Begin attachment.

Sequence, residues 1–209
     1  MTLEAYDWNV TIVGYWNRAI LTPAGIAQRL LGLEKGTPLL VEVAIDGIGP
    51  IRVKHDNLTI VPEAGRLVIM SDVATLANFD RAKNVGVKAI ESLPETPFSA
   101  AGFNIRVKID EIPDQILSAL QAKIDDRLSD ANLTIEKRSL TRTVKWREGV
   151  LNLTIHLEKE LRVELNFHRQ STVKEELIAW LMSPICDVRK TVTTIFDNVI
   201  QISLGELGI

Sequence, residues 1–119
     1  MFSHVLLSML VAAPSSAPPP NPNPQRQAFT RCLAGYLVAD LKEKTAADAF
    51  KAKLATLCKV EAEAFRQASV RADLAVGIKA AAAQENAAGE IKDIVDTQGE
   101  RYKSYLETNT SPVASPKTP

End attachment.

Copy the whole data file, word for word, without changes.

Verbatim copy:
Sequence, residues 1–209
     1  MTLEAYDWNV TIVGYWNRAI LTPAGIAQRL LGLEKGTPLL VEVAIDGIGP
    51  IRVKHDNLTI VPEAGRLVIM SDVATLANFD RAKNVGVKAI ESLPETPFSA
   101  AGFNIRVKID EIPDQILSAL QAKIDDRLSD ANLTIEKRSL TRTVKWREGV
   151  LNLTIHLEKE LRVELNFHRQ STVKEELIAW LMSPICDVRK TVTTIFDNVI
   201  QISLGELGI

Sequence, residues 1–119
     1  MFSHVLLSML VAAPSSAPPP NPNPQRQAFT RCLAGYLVAD LKEKTAADAF
    51  KAKLATLCKV EAEAFRQASV RADLAVGIKA AAAQENAAGE IKDIVDTQGE
   101  RYKSYLETNT SPVASPKTP